Chapter 22: Leave the Right Way at the Right Time for the Right Reasons 

Leave the Right Way at the Right Time for the Right Reason

Staring across the tiny sanctuary before a recent Sunday morning service, I prayed for the upcoming gathering. The people who would come and the people who would not attend that day. The people who were going through difficulties. The people who had recently started attending. The people who had been there before I arrived and would be there after I depart.

And that was a reminder to me. I came to that small church a year before to minister while also evaluating the condition of the congregation. Though the church was different than many of my preferences and styles, I told our denominational leaders that we should keep the church open, that more people would come, that great opportunities were there, and that, yes, I would be willing to serve as an interim. I put strong emphasis on the word interim. I did serve. I did enjoy. When the year was up, I was asked to continue serving—this time no longer as an interim.

So, back to my early Sunday morning prayer meeting. My thoughts—or probably one of those times when God whispers an alert to us—silently voiced this reminder: “You’re still an interim. You’ll always be an interim.”

I knew the meaning. I got the message.

I pastored in Orlando Florida almost twenty years. As I type these thoughts, I have served at Emmanuel College over fifteen years. But when I surprised myself and others by accepting an additional role as the interim pastor of that local church in Georgia, I began gaining a better glance of ministry.

My conclusion? We are all interim pastors. We’re interim-whatever-the-title.

As I wrote in the previous chapter, I do not endorse or encourage staying in one job briefly while regularly searching for another position in another place. Too many of us want too much change too quickly. Escaping replaces perseverance. The mentality of more and better and bigger doesn’t sit well with dedication and commitment and endurance. I’ve never been a fan of pastors staying briefly at churches. I believe it takes time to build trust, to lead well, and to shepherd people into and through their fields. Those who came with initial excitement often left a church in shambles. Those who always stared out the door glancing for another opportunity never seemed to care deeply for their sheep.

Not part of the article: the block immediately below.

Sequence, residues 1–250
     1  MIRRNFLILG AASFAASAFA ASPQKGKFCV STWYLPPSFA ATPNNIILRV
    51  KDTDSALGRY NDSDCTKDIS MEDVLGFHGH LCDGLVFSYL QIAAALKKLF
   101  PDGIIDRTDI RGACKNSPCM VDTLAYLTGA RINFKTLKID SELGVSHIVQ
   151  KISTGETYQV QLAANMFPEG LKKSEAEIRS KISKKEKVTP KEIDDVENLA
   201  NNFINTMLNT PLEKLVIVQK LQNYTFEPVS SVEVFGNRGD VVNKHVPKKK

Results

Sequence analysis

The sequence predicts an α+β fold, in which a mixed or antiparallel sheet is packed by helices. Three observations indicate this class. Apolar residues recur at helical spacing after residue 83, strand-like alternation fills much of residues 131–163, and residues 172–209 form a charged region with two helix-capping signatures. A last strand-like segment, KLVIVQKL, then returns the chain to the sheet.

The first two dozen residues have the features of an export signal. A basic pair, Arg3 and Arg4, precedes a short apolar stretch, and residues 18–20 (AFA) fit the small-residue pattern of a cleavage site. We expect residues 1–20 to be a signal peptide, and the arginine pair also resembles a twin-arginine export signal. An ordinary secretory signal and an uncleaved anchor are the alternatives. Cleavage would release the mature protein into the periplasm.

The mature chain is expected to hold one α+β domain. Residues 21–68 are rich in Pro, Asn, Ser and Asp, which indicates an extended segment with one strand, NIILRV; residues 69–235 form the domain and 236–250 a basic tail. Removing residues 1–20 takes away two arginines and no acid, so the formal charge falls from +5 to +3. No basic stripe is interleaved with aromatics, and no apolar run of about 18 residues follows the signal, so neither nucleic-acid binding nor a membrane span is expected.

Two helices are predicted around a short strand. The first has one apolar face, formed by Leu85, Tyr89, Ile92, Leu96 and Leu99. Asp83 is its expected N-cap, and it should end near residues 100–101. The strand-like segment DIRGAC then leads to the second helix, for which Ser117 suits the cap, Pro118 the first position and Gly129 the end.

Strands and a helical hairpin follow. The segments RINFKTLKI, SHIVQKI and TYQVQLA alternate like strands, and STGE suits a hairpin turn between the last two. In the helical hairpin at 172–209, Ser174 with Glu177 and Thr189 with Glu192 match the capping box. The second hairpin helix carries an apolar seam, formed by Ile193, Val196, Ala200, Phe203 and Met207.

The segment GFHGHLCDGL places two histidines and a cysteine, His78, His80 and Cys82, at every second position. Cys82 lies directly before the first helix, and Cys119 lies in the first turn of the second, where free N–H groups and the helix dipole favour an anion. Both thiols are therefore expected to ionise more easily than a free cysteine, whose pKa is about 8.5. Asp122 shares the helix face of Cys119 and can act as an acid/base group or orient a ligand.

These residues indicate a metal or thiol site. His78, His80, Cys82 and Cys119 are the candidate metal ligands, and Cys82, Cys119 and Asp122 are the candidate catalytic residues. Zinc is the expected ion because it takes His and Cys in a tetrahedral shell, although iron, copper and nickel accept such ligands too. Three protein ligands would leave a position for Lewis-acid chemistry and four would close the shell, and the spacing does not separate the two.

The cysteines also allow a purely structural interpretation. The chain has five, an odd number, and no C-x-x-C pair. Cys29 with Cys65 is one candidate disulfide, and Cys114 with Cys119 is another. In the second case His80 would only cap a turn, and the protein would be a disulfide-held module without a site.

I applaud endurance. I celebrate dedication. I cheer for the marathon, not the sprint.

But, like this book’s theme, there is a balance. The equilibrium comes from refusing to stare out the door lusting for something else, while still glancing out the window knowing there is a future of surprises and possibilities waiting. Each job prepares us better for the next job. Each role arranges us for another.

Wherever we are serving today, we are interims. We should serve with commitment and dedication, while balancing that with a belief that we are not in control, we are not there forever, and it’s not all about us.

One day will be the day to say goodbye.

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  1. Why do I believe now is the time to leave?
  2. Why do I believe this is the right next step for me?
  3. What are my deepest fears about leaving?
  4. What are my major concerns about staying where I am?
  5. What do my closest friends— those who have no ulterior motives—think is best?
  6. Why do they believe that?


Equilibrium is a collection of beautifully written stories, reminders and encouragements for us as we journey through life. It’s an invitation to slow down and be present in the moment and find the chaos in our lives fade into a time of rest. His pastoral heart and his desire for people to know the love of God is evident on each page. Once again Chris Maxwell has written a book that will engage your mind and serve to help restore your heart along the way.

Dr. Charlie Dawes

Lead Pastor, Hill City Church, Alexandria, VA